Flawed but hugely entertaining Belgium rout Tunisia in typical Martinez-esque style

A match of 39 shots proved the highest-scoring game of the tournament as Belgium run out 5-2 winners at Spartak Stadium in Moscow

Belgium's Romelu Lukaku, left, scores their side's third goal past Tunisia goalkeeper Farouk Ben Mustapha during the group G match between Belgium and Tunisia at the 2018 soccer World Cup in the Spartak Stadium in Moscow, Russia, Saturday, June 23, 2018. (AP Photo/Hassan Ammar)

If it was all about Eden Hazard and Romelu Lukaku, it felt all very Roberto Martinez-esque. Belgium’s captain and record scorer scored twin doubles for one of the few favourites to truly show their attacking prowess. “Qualification after two games, you cannot ask for more,” said Martinez. It is elimination for a thrashed, beleaguered Tunisia team.

A match of 39 shots proved the highest-scoring game of the tournament. “There was a lot of action in both boxes,” added Martinez. Frequently brilliant going forward, sometimes dodgy defensively, Belgium will enliven the World Cup, whether or not they win it. In the truest tradition of Martinez teams, they were flawed but hugely entertaining.

Regardless of whether the side end up with silverware, their record scorer could leave Russia with a personal prize. Martinez had claimed Lukaku was not focused on the Golden Boot. He may win it, anyway. He joined Cristiano Ronaldo at the top of the leaderboard with his second successive double. He may have overhauled the Portuguese had he not been withdrawn with half an hour to go. By then, Lukaku had already surpassed Jan Ceulemans, a stalwart of three World Cups, as Belgium’s leading scorer in major tournaments.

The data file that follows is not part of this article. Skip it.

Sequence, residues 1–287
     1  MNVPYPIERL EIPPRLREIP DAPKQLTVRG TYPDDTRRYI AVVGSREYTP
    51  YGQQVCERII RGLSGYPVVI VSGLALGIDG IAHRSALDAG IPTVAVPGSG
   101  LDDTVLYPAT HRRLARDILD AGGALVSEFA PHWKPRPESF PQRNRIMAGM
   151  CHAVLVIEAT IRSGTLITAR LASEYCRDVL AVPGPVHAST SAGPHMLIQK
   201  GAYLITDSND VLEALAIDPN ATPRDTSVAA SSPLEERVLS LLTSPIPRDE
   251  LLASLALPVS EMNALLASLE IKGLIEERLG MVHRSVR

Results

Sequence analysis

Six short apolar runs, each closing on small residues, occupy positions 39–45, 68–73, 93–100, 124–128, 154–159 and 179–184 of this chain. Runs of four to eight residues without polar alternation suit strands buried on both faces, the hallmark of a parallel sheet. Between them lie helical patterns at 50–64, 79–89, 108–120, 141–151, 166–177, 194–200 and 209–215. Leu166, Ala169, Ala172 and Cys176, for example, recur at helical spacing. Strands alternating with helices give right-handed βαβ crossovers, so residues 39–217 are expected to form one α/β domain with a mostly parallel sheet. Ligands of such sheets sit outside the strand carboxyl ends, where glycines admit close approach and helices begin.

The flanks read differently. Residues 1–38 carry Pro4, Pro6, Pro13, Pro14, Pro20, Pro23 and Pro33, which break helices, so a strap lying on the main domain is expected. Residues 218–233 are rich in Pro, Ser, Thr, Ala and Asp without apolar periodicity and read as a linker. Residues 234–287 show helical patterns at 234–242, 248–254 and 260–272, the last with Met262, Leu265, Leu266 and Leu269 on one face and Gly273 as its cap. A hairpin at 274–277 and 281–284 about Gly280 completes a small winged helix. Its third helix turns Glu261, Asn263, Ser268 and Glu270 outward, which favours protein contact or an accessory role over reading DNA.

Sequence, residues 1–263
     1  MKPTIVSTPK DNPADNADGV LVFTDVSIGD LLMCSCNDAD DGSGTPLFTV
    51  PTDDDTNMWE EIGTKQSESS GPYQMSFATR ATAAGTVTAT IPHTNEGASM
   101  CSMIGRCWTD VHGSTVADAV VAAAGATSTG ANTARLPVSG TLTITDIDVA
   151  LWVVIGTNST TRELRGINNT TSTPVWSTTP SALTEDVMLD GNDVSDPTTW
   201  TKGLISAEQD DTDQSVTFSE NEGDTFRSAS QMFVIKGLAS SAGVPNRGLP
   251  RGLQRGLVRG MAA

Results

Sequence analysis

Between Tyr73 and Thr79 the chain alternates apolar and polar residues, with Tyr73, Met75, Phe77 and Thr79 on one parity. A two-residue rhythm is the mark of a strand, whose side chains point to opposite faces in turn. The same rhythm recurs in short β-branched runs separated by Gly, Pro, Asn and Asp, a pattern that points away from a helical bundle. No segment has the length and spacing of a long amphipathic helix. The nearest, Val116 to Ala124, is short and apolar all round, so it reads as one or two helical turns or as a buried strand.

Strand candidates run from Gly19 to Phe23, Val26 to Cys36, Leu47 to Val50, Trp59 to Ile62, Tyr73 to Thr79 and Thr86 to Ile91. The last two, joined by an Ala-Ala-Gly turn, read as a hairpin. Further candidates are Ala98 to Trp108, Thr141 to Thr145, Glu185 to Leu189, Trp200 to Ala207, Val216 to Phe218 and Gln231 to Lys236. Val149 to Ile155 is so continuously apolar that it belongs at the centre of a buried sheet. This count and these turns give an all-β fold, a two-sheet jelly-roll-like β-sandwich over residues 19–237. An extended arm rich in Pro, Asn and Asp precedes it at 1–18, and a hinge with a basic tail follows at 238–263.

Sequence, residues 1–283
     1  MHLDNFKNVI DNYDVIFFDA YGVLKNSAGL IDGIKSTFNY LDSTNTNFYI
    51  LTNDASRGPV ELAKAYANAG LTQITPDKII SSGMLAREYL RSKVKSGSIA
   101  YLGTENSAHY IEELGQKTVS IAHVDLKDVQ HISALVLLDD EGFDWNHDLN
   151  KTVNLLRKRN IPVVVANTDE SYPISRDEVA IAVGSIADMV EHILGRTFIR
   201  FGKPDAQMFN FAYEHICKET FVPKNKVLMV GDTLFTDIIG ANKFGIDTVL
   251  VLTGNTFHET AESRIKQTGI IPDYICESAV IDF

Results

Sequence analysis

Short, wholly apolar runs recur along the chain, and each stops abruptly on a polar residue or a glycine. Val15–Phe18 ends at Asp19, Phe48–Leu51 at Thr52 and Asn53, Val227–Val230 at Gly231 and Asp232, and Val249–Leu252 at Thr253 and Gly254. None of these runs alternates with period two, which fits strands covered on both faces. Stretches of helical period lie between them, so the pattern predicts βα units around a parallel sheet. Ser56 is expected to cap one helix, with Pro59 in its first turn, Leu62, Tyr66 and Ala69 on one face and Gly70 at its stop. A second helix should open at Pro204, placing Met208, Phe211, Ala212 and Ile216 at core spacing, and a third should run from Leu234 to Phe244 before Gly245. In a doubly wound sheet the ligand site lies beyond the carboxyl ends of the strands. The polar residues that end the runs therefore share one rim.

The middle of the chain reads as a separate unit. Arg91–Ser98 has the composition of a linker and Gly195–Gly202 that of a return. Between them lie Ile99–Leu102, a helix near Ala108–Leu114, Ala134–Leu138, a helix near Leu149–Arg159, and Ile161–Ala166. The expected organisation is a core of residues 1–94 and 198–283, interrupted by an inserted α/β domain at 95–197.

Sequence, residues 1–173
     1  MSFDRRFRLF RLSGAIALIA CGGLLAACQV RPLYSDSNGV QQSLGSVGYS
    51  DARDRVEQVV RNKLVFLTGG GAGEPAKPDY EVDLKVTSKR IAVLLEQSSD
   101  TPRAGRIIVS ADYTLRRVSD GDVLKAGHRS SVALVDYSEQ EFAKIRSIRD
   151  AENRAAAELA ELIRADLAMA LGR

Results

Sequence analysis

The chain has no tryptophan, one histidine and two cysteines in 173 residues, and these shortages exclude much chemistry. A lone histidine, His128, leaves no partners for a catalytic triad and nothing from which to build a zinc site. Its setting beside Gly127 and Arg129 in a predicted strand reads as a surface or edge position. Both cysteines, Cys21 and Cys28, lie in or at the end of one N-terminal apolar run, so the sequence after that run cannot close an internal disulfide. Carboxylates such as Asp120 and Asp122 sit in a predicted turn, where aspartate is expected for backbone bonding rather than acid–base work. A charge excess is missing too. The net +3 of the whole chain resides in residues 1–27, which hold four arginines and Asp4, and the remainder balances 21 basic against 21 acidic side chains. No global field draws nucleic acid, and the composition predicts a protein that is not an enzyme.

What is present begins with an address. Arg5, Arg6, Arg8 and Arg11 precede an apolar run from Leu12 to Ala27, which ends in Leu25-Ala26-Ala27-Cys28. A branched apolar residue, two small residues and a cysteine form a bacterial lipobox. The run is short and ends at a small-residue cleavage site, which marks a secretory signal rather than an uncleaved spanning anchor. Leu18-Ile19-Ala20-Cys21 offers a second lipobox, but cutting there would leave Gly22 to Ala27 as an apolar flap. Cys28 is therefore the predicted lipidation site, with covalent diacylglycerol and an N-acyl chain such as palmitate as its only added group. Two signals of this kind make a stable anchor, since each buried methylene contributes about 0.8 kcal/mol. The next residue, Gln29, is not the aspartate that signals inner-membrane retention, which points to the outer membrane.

He could savour a change of fortune. He had an underwhelming World Cup in 2014, mustering a lone goal. He is more clinical now, scoring with each of his first four shots on target. His first goal, and Belgium’s second, was angled into the far corner from 15 yards. Dries Mertens had supplied him as Tunisia were caught on the break. A delicate dink followed after Thomas Meunier split a shambolic defence with a through ball.

Hazard had already opening the scoring, converting the penalty after he was bundled over by Syam Ben Youssef. His second was an illustration of the outstanding Kevin de Bruyne’s ability to unlock defences from deep, his through ball allowing Hazard to scurry through, flick the ball past goalkeeper Farouk Ben Mustapha and slot the ball into the unguarded net.

His replacement Michy Batshuayi added a fifth, though only after having an effort cleared off the line by Yassine Meriah and slamming a shot against the bar in a profligate cameo. Belgium were wasteful – an accusation that has been levelled against previous Martinez sides – but creative as they fashioned a host of chances. Unlike against Panama, they began brightly, intimidating with their ability. They sprang Tunisia’s offside trap time and again. Meunier and Mertens formed a potent partnership on the right, each displaying fine movement. Yet their wing-backs operated like wingers, leaving space behind them.


Read more on World Cup 2018:

World Cup 2018: Day 10 updates - Belgium hammer Tunisia 5-2

Comment: Perspective needed over furore caused by images of leaked England team

World Cup 2018: Ronaldo's hat-trick, Musa magic and the 10 best moments of the tournament so far

World Cup 2018: Messi overreaction, Salah's early exit and 10 worst moments so far


It was a reason why Tunisia had so many opportunities. Anice Badri had a series of shots. Wahbi Khazri eventually scored in injury time and had troubled Belgium with his dead-ball prowess. Their earlier goal was far from the first time a Martinez side have looked disorganised in defence or been found wanting at set-pieces. Dylan Bronn had met Khazri’s free kick with a glancing header.

It was a bittersweet occasion for Bronn, who was carried off on a stretcher seven minutes after scoring. Tunisia lost their major talent, Youssef Msakni, before the World Cup, their first-choice goalkeeper in the opening game and two defenders by half time in the second. If they were luckless, they were also hapless at the back.

It was hard to say if their full-backs were worse than their central defenders or vice versa and, unlike some of the minnows who had displayed resilience at first, they have specialised in disastrous starts: a goal down after 11 minutes against England, two adrift after 16 versus Belgium. They could have scored more but were fortunate not to concede at least two others. Such is the nature of Martinez’s Belgium.